Make no mistake, I’m a firm believer of capitalism. God bless you for making as much money as you can, if it’s done legally – and not like a politician (but that’s a blog for another time).
However, over the years, I’ve watched professional sports team-owners, unions, and athletes get so consumed with money that it has taken over the dialog in sports. Fans now talk more about how much money an athlete makes rather than his/her physical abilities, competitiveness, and their desire to build a winning culture with teammates.
As a young boy, I don’t recall ever knowing how much money an athlete made – never mind discussing it. Thinking back, the first time I remember talking about a player’s salary was in 1965, when Celtics’ center Bill Russell demanded to make more than his chief rival. Wilt Chamberlain. At the time, Wilt had won zero NBA Championships and Russell had already won eight of his final total of eleven championships. Chamberlain had just signed a new contract for $100,000, while Russell was making $75,000. The Celtics responded by giving Bill a new contract for $100,001.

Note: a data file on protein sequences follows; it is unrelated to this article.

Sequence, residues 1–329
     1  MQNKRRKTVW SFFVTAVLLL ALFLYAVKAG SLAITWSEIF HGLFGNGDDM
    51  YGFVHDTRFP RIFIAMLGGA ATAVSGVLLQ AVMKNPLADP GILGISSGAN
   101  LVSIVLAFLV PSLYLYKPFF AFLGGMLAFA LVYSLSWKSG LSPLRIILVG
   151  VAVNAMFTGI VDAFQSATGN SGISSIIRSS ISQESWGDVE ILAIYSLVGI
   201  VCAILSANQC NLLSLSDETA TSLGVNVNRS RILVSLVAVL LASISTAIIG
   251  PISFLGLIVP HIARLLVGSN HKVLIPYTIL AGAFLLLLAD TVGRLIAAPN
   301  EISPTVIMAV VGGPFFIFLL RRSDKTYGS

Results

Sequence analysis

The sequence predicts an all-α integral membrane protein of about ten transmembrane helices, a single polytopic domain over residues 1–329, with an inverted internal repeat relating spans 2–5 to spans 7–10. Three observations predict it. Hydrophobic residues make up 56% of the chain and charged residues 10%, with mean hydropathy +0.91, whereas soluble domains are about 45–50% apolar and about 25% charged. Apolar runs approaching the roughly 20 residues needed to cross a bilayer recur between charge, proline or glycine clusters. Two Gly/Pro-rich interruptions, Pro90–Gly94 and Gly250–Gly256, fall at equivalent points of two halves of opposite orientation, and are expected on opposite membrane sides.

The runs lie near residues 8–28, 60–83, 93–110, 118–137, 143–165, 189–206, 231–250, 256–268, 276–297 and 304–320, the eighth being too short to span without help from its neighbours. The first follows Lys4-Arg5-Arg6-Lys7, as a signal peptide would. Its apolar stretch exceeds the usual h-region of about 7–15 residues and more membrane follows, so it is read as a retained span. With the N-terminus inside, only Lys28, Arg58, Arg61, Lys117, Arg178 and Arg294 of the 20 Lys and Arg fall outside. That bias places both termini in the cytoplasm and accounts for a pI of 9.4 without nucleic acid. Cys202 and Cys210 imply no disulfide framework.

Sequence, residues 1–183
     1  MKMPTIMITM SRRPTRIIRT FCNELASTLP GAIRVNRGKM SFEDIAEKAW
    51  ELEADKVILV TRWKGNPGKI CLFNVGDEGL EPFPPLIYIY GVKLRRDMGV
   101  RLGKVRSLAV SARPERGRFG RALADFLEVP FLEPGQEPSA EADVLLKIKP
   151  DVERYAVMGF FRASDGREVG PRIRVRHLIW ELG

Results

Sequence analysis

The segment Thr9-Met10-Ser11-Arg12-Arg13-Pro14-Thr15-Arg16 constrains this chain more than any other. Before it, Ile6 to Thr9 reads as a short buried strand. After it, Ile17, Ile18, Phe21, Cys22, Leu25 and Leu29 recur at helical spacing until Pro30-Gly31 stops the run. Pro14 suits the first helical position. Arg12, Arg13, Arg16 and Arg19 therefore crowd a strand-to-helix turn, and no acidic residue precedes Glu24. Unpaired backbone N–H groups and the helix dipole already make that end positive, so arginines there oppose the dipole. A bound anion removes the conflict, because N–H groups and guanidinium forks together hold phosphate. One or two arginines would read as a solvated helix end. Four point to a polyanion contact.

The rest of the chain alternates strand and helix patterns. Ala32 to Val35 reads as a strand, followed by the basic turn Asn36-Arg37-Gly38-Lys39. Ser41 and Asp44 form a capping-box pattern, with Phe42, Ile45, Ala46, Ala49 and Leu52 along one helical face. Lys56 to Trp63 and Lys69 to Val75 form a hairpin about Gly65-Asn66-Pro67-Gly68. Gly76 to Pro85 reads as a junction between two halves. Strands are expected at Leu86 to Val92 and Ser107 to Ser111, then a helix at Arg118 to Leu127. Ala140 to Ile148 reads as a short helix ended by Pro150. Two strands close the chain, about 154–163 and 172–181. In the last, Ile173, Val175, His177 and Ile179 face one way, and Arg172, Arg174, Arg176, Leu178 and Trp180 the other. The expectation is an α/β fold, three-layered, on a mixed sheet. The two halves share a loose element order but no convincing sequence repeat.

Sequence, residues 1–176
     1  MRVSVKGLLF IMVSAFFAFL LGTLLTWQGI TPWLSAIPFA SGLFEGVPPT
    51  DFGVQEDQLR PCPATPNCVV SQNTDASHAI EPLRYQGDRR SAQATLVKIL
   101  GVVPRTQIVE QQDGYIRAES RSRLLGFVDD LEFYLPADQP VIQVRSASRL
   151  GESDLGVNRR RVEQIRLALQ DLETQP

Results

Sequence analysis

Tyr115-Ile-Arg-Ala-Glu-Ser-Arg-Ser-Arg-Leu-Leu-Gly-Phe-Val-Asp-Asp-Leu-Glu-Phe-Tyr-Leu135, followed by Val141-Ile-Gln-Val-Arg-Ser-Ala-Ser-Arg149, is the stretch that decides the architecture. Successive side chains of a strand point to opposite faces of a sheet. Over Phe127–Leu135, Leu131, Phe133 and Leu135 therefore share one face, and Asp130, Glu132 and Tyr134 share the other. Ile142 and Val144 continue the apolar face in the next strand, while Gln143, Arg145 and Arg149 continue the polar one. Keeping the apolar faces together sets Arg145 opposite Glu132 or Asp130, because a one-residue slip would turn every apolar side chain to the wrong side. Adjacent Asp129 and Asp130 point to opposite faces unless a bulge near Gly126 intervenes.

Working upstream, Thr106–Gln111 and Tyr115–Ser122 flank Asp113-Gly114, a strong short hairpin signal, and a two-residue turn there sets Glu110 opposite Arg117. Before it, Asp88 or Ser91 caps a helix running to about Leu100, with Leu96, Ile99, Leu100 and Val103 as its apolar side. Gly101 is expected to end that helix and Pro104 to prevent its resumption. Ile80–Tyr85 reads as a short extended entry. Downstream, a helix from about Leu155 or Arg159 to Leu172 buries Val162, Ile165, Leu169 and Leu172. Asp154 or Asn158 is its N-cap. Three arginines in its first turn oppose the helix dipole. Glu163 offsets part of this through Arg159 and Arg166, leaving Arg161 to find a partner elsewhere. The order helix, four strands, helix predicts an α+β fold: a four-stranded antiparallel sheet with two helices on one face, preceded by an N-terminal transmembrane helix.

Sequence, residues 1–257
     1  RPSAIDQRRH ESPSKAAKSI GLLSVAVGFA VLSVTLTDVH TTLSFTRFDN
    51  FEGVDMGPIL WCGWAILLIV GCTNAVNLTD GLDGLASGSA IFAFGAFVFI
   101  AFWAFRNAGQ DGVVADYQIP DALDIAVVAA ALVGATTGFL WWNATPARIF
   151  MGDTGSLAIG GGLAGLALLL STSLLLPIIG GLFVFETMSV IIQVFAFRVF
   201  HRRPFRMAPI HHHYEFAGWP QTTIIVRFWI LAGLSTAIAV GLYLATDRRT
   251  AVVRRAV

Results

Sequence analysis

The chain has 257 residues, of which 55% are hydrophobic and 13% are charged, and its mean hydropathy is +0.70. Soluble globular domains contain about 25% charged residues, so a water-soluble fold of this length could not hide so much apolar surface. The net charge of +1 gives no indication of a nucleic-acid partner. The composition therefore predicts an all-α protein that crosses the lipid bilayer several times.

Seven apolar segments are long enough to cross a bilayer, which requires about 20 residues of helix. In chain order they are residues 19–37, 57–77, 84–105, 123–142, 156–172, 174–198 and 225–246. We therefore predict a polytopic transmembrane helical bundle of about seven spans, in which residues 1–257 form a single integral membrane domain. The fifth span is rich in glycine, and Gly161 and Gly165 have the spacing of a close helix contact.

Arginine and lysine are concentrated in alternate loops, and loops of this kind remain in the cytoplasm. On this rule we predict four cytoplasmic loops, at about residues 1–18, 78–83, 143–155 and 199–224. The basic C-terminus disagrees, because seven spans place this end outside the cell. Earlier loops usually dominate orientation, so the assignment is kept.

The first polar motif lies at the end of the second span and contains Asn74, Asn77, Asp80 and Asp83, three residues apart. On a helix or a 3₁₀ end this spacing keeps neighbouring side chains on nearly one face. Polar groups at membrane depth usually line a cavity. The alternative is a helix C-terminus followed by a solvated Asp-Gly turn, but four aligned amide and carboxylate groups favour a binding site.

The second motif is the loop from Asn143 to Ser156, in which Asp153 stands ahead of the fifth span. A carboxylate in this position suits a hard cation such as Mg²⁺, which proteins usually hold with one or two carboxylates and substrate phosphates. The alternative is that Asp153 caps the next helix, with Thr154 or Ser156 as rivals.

And while $100,000 was certainly a great deal of money in 1965, Dollar Times values that amount in today’s economy at about $900,000. So how did we get to $40M+ annual contracts today?
Also, even after Chamberlain and Russell broke the $100,000 salary threshold in the NBA, there was still little talk about salaries. Maybe because the big contracts were only given out to the very elite players who were deserving. And while it was certainly high income, it wasn’t overly absurd like today.
And as if these salaries aren’t bad enough, turn on sports talk-radio…it’s all the talking-heads and their callers discuss. It’s sickening. And, yes, here I am writing about it!
So, here’s my question…in what other private industry are employee wages published and openly discussed? I can’t think of one off the top of my head. And why are they made public? The argument is that the publicity and knowledge of salaries comes in handy for athletes and agents during contract negotiations. It’s difficult for team management to negotiate with players who have proof of what fellow teammates make. It’s a union strategy, which has certainly paid off for them. But at who’s expense?
I hear many fans saying, “I don’t care. It’s not my money.” But think again. What do you think the cost is for a family of four at Fenway Park, home of the highest ticket prices in MLB?
Below is a breakdown of prices for a family of four to attend a Red Sox game. How does $600 sound? This is why I watch games on TV…
So, don’t let me ever hear you say, “It’s not my money” ever again. You certainly pay ‘some’ for these grown men to make millions playing a kids’ game.
I suggest that you save your money for gas and groceries!